4-0 out of 5 stars A little known activist President
I learned something from this book.I did not actually know too much about Ben Harrison but this short biography sure did teach me something about him.Harrison was a one term President who actually accomplished something in his four years.He fought the free silver coinage act, passed the Sherman antitrust act, lowered tariffs, but did not extinguish them, and worked for voting rights for black Americans.He also did alot of his own foreign relations, since his Secretary of State Blaine was constantly ill.He was a diligent hard worker who would shame some of our lazier presidents.

Due to all this activism, Harrison lost the mid term Congressional elections, and ultimately his office.He didn't seem to mind, because he thought he would be happier back home in Indianapolis.I enjoyed the author talking about Harrison's personal life.He married again after he left the White House.A nice biography of a little known President.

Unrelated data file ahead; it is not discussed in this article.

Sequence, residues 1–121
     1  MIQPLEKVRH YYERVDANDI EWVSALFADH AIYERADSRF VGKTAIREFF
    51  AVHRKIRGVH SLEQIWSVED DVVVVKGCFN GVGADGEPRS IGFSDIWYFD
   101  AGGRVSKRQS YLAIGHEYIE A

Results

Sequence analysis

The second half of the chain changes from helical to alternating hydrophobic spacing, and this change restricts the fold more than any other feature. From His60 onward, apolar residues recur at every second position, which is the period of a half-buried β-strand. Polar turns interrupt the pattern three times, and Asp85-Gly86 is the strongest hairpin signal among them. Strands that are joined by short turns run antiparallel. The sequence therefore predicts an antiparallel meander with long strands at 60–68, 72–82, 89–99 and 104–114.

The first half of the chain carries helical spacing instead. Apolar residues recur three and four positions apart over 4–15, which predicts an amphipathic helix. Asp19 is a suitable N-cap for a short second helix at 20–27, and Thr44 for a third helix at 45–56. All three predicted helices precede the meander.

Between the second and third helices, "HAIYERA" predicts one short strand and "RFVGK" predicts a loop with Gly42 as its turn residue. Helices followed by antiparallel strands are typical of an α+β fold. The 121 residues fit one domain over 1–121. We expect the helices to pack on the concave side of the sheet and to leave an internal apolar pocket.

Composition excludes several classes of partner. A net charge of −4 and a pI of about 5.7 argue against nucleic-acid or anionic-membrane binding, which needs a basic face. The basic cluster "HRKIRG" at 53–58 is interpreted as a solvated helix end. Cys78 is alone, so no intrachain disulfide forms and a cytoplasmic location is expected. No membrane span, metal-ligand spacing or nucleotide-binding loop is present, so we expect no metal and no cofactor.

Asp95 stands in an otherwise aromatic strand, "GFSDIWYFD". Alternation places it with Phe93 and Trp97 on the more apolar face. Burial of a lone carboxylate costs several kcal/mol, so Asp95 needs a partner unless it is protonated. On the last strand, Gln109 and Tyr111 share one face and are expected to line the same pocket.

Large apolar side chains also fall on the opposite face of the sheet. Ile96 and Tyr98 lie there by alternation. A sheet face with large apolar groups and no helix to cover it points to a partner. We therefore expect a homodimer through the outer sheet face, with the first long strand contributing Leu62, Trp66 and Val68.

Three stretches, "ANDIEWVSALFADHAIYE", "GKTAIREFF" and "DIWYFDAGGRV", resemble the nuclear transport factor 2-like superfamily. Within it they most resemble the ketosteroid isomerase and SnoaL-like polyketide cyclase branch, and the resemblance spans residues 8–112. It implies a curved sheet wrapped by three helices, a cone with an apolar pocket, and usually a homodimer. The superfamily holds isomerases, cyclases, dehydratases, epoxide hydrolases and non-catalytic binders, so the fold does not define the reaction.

5-0 out of 5 stars BH
BH and I share the same fraternity, so he is high on my list.Brief book, but a great example of a President overlooked due to his era. ... Read more


11. The Presidency of Benjamin Harrison (American Presidency Series)
by Homer E. Socolofsky, Allan B. Spetter
Hardcover: 261 Pages (1987-05)
list price: US$29.95 -- used & new: US$29.04
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Asin: 0700603204
Average Customer Review: 4.5 out of 5 stars